Characteristics of traditional Chinese medicine use in patients with rheumatoid arthritis in Taiwan: A nationwide population-based study.J Ethnopharmacol. 2015 Dec 24; 176:9-16.JE
Large-scale study of traditional Chinese medicine (TCM) usage among patients with rheumatoid arthritis (RA) is lacking. The aim of this study is to evaluate the TCM usage among RA patients in Taiwan.
MATERIALS AND METHODS
We examined the "registry for catastrophic illness patient dataset" of the National Health Insurance Research Database (NHIRD; n=23 million people) in Taiwan. Patients (n=25,263) newly diagnosed as RA in 2001-2009 were included and then followed-up until the end of 2011. Based on the medical utilization, they were further categorized into TCM users (n= 6891; 27.3%) and non-TCM users (n=18,372; 72.7%). The demographic data and core prescription patterns of the TCM users were analyzed.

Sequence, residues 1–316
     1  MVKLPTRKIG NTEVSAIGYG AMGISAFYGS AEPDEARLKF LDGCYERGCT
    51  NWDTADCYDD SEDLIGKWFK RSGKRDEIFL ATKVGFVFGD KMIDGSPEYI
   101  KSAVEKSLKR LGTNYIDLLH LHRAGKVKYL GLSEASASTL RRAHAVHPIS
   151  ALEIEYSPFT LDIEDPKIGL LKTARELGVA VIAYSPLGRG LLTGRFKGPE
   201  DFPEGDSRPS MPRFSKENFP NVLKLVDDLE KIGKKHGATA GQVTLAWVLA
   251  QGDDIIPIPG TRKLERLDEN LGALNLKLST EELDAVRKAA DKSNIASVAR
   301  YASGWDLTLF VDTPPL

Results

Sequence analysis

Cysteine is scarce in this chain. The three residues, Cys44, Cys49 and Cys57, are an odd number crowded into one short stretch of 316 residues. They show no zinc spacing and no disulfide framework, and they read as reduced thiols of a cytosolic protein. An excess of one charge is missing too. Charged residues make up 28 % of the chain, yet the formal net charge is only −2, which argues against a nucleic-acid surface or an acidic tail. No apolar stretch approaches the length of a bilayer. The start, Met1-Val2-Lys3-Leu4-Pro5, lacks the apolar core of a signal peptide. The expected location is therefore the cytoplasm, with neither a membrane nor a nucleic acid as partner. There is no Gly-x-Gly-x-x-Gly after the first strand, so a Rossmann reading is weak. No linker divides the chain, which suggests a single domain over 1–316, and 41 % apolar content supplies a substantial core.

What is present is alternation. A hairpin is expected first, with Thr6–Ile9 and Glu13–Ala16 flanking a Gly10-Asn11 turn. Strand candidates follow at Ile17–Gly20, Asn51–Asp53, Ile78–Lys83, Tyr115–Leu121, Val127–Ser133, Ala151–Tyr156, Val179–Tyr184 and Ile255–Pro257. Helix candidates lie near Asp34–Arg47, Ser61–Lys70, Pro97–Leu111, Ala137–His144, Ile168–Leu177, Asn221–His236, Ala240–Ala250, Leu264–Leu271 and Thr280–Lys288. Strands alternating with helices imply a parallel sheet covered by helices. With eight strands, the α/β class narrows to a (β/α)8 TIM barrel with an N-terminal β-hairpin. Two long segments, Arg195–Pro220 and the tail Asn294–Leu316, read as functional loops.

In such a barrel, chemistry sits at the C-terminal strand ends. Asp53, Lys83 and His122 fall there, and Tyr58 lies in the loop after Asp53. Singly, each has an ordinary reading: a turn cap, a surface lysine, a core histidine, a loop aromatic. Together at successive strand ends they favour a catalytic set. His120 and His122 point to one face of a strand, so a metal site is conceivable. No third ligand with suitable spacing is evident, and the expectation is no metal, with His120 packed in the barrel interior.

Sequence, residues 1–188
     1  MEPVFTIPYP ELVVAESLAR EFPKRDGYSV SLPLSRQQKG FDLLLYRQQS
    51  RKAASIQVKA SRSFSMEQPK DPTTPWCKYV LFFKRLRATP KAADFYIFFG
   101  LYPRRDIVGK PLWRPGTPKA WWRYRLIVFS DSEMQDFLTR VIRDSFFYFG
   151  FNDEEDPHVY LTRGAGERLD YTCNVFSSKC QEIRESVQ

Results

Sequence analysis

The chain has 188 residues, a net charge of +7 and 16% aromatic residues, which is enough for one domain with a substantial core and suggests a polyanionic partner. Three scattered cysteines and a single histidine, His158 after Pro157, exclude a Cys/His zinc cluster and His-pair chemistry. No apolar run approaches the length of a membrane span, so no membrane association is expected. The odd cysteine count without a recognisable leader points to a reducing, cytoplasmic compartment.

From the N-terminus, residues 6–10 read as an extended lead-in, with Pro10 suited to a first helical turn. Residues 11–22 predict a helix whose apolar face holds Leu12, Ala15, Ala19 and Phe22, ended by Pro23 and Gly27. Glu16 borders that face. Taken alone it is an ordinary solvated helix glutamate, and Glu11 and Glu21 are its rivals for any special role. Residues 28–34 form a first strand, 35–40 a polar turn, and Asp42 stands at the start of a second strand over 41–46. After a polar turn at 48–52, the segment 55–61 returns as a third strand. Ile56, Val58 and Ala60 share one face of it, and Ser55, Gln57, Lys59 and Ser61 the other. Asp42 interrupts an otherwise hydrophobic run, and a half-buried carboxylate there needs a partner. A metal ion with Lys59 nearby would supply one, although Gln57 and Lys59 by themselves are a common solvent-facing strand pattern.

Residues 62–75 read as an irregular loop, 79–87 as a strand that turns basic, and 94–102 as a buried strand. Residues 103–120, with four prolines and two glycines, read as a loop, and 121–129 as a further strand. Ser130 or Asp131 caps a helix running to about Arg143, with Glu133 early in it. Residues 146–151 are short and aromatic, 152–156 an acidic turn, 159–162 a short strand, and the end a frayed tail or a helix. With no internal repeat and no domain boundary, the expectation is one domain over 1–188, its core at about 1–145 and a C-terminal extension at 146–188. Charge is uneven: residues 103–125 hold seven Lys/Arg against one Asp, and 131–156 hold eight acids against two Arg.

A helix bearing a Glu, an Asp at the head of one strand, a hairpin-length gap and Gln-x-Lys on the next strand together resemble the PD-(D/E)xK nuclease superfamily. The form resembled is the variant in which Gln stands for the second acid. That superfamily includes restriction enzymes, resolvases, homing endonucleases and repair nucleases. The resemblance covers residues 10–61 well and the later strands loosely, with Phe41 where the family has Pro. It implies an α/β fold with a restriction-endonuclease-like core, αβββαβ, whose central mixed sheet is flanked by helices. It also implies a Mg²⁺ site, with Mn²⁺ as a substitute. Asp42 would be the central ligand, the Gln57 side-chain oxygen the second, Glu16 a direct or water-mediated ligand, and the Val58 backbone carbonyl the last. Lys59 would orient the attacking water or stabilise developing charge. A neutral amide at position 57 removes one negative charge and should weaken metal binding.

Compared to non-TCM user, TCM users were younger (mean age: 49.6 versus 54.0 years), had a higher female/male ratio (82.7%/17.3% versus 74.1%/25.9%), resided in more urbanized area. Herbal remedies were the most commonly used therapeutic approach (76.4%), followed by combining acupuncture (21.1%). The frequency of outpatient visits in TCM users was higher across all disease categories except circulatory system. The most commonly prescribed formula and herb was Shang-Jong-Shiah-Tong-Yong-Tong-Feng-Wan and Rhizoma Corydalis, respectively. The analysis of core pattern revealed that Dang-Gui-Nian-Tong-Tang, Shu-Jing-Huo-Xie-Tang, Gui-Zhi-Shao-Yao-Zhi-Mu-Tang, Myrrha and Olibanum, were among the most frequently used combinations. RA patients who had anxiety and depression, allergic rhinitis, osteoporosis, menstrual disorder, and menopausal syndrome were prone to have more TCM visits compared to non-TCM users.
Our population-based study revealed the high prevalence and specific usage patterns of TCM in the RA patients in Taiwan. The information could be used for further pharmacological investigation and clinical trials.